x Impact of COVID-19 on the publication process
The COVID-19 disease outbreak has been declared a public health emergency of international concern and it affects us all. JVATiTD is aware that many researchers will have difficulty in meeting the deadlines associated with the peer review and revision processes. Therefore, we ask for your understanding that this exceptional situation might lead to some delays in the publication process.

JVATiTD - Articles

Official publication of CEVAP/UNESP

Inflammatory lesions and brain tumors: is it possible to differentiate them based on texture features in magnetic resonance imaging?

Allan Felipe Fattori Alves1, José Ricardo de Arruda Miranda1, Fabiano Reis2, Sergio Augusto Santana de Souza1, Luciana Luchesi Rodrigues Alves1, Laisson de Moura Feitoza2, José Thiago de Souza de Castro2, Diana Rodrigues de Pina3 [ + show more ]

J Venom Anim Toxins incl Trop Dis, 2020, 26:e20200011
Received: 29 January 2020 | Accepted: 05 August 2020 | Published online: 04 September 2020


Background: Neuroimaging strategies are essential to locate, to elucidate the etiology, and to the follow up of brain disease patients. Magnetic resonance imaging (MRI) provides good cerebral soft-tissue contrast detection and diagnostic sensitivity. Inflammatory lesions and tumors are common brain diseases that may present a similar pattern of a cerebral ring enhancing lesion on MRI, and non-enhancing core (which may reflect cystic components or necrosis) leading to misdiagnosis. Texture analysis (TA) and machine learning approaches are computer-aided diagnostic tools that can be used to assist radiologists in such decisions. Methods: In this study, we combined texture features with machine learning (ML) methods aiming to differentiate brain tumors from inflammatory lesions in magnetic resonance imaging. Retrospective examination of 67 patients, with a pattern of a cerebral ring enhancing lesion, 30 with inflammatory, and 37 with tumoral lesions were selected. Three different MRI sequences and textural features were extracted using gray level co-occurrence matrix and gray level run length. All diagnoses were confirmed by histopathology, laboratorial analysis or MRI. Results: The features extracted were processed for the application of ML methods that performed the classification. T1-weighted images proved to be the best sequence for classification, in which the differentiation between inflammatory and tumoral lesions presented high accuracy (0.827), area under ROC curve (0.906), precision (0.837), and recall (0.912). Conclusion: The algorithm obtained textures capable of differentiating brain tumors from inflammatory lesions, on T1-weghted images without contrast medium using the Random Forest machine learning classifier.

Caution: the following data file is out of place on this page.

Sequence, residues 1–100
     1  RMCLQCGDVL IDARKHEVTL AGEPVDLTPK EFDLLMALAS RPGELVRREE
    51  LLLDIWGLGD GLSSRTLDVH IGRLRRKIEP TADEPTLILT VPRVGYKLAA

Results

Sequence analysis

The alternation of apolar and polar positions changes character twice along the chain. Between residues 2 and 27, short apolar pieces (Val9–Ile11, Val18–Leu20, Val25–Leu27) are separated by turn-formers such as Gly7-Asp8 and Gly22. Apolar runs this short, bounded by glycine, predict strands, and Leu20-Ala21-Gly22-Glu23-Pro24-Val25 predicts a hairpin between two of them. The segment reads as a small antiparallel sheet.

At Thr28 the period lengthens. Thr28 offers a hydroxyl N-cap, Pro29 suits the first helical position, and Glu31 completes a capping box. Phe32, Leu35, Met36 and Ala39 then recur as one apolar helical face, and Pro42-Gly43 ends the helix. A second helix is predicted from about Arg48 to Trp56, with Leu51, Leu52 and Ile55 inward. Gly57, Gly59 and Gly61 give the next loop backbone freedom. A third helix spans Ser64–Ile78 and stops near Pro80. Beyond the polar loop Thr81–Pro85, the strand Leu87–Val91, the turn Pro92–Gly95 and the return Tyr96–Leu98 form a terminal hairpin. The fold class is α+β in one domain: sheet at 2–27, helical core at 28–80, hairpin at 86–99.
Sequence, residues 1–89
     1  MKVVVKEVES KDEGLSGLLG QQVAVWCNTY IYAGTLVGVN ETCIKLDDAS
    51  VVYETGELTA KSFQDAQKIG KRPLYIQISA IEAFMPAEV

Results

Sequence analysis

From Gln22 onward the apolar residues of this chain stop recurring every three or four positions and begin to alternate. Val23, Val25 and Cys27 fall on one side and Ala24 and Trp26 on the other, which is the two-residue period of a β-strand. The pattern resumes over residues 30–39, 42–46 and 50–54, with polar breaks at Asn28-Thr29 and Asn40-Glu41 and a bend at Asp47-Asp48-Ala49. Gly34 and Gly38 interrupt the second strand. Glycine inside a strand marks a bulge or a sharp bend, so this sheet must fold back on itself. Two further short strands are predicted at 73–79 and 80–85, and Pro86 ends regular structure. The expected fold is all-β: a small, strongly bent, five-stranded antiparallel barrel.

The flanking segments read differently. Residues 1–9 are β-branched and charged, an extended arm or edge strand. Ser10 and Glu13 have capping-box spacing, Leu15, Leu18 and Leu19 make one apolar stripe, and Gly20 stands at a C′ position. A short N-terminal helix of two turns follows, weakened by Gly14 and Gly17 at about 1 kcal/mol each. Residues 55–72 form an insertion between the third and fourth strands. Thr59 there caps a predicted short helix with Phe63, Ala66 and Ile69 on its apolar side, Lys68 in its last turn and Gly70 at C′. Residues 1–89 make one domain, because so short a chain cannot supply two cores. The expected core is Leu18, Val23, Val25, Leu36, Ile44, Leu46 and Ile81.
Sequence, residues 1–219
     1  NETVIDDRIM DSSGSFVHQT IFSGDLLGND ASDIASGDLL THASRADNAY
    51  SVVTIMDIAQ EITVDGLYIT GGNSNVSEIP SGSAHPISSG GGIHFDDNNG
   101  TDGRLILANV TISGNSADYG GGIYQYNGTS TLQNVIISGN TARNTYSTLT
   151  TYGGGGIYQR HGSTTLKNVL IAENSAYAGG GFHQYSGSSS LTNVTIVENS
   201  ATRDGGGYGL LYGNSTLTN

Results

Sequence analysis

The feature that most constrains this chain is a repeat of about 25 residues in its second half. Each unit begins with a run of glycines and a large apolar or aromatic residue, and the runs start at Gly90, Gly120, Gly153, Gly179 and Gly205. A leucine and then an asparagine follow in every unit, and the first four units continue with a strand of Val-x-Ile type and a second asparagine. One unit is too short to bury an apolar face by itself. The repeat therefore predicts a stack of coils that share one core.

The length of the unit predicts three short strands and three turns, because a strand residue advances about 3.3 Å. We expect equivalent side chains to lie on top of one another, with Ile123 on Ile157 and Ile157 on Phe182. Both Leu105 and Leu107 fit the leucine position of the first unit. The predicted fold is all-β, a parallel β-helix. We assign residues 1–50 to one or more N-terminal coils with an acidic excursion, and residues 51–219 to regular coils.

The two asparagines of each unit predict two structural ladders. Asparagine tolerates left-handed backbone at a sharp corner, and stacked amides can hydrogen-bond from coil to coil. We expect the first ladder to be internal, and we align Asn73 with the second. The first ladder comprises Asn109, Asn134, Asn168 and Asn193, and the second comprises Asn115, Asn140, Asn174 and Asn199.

Keywords: Medical imaging; Image processing; Inflammation; Tumor; Magnetic resonance imaging

Full Article PDF